Contracts to buy U.S. previously owned homes fell for a second straight month in October as an acute shortage of properties pushed up prices, though the housing market remains supported by record low mortgage rates.
The National Association of Realtors said on Monday its Pending Home Sales Index, based on contracts signed last month, decreased 1.1% to 128.9. Economists polled by Reuters had forecast pending home contracts, which become sales after a month or two, would rebound 1.0% in October.
Compared to a year ago, pending homes sales jumped 20.2% in October. The monthly decline in contracts suggests a moderation in sales of existing home sales after they accelerated in October to their highest level since November 2005.
The housing market is being driven by record low mortgage rates. The COVID-19 pandemic, which has seen at least 21% of the labor force working from home, has led to a migration from city centers to suburbs and other low-density areas as Americans seek out more spacious accommodation for home offices and schools.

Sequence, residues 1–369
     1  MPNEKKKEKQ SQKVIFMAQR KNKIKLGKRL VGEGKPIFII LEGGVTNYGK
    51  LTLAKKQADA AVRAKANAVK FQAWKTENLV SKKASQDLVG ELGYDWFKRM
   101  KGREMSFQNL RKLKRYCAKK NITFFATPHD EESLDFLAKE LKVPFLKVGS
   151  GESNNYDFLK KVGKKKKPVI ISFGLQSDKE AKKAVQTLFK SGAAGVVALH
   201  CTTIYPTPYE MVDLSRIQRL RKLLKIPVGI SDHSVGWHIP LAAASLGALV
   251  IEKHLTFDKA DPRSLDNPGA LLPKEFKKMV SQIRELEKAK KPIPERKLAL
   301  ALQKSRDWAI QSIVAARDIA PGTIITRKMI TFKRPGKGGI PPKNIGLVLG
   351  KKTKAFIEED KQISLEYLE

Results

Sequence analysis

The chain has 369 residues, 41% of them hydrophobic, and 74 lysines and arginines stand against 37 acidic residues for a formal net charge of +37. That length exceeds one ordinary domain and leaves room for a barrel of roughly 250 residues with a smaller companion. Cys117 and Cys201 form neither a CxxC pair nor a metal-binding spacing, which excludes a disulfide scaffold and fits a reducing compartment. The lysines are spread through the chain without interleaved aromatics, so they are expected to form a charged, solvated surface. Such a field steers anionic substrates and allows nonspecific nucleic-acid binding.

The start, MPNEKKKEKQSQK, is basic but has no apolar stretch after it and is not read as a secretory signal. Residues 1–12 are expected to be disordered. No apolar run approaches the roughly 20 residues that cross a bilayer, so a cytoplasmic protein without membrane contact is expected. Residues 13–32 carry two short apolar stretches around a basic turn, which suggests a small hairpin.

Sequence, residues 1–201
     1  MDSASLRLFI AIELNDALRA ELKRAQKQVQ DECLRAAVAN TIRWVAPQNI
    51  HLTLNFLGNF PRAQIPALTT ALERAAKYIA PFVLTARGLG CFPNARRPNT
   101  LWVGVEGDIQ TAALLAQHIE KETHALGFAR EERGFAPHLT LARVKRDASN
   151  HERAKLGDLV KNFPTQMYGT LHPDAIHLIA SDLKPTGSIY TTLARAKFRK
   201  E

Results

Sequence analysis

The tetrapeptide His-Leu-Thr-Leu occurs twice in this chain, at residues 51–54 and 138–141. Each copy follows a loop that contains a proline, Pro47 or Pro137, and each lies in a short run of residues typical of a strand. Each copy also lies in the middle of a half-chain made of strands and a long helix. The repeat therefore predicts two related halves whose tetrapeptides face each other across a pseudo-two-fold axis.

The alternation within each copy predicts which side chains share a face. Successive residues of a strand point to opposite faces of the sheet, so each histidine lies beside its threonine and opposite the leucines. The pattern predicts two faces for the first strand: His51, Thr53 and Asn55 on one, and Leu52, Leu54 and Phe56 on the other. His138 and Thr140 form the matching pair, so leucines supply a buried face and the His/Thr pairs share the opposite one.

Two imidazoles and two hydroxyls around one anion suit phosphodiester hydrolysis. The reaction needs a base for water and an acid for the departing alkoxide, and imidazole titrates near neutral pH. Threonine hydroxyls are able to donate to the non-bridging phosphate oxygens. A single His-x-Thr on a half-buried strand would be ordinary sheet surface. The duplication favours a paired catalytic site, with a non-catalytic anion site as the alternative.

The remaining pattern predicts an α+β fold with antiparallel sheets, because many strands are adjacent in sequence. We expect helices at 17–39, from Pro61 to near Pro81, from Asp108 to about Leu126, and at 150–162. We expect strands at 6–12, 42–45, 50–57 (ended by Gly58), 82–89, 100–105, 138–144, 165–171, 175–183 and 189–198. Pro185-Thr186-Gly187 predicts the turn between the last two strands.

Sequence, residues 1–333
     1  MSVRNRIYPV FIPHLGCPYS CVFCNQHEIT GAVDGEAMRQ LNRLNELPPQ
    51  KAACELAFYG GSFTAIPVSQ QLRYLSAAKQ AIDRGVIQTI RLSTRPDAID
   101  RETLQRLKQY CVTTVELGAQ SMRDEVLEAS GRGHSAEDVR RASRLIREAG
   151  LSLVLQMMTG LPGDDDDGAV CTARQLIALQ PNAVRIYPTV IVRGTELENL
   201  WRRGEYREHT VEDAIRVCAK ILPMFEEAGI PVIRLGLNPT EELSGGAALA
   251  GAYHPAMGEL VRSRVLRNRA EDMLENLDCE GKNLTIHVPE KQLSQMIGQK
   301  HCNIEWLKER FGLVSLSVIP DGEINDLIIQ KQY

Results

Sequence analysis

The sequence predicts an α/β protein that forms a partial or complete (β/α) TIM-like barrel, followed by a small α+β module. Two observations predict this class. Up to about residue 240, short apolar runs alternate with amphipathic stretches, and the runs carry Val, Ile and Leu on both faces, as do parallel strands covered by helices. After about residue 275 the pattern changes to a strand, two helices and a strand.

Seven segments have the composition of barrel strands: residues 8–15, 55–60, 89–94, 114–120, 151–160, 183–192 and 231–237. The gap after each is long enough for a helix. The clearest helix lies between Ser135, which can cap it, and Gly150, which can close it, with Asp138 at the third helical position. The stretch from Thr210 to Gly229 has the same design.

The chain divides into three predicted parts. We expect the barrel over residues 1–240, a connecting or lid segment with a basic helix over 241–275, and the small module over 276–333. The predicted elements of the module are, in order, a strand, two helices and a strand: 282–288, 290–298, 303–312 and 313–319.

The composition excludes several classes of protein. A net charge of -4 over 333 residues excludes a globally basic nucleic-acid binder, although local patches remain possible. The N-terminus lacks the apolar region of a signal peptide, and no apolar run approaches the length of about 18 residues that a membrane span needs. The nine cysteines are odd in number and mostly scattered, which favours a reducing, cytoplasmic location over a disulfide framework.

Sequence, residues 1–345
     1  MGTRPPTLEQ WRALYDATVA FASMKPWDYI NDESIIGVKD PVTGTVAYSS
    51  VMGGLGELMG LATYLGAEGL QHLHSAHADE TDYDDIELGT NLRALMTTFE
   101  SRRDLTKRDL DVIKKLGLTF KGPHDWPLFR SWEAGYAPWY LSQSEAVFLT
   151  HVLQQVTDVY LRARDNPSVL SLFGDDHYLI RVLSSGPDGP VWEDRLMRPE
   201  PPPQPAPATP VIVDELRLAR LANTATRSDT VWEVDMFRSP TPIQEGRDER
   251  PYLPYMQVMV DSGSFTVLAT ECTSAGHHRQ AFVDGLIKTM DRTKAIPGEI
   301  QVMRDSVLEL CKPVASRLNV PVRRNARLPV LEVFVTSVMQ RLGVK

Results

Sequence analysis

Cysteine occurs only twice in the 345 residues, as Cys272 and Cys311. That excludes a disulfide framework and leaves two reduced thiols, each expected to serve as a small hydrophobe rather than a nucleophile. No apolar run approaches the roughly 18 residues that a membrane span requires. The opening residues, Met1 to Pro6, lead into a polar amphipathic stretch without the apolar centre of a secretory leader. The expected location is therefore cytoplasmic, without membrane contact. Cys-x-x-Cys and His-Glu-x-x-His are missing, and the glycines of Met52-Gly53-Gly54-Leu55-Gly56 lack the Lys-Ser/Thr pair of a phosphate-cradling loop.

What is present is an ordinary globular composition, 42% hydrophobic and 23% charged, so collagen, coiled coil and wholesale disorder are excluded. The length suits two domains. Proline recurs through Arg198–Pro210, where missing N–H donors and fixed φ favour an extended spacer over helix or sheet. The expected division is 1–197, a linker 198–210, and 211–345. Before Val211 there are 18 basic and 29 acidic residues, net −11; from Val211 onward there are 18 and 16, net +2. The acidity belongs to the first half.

The coronavirus recession, which started in February, has disproportionately affected lower-wage earners. At least 20 million people are on unemployment benefits. The 30-year fixed mortgage rate is around an average 2.72%, according to data from mortgage finance agency Freddie Mac.
Housing supply has failed to keep up with demand, boosting home prices out of the reach of many first-time buyers, despite builders ramping up construction. The government reported this month that single-family homebuilding, the largest share of the housing market, raced to the highest level since April 2007.
Though homebuilder confidence is at historic highs, builders have complained about shortages of land and materials.
In October, pending home sales edged up 0.1% in the South. They were unchanged in the West. Contracts dropped 5.9% in the Northeast and fell 0.7% in the Midwest.
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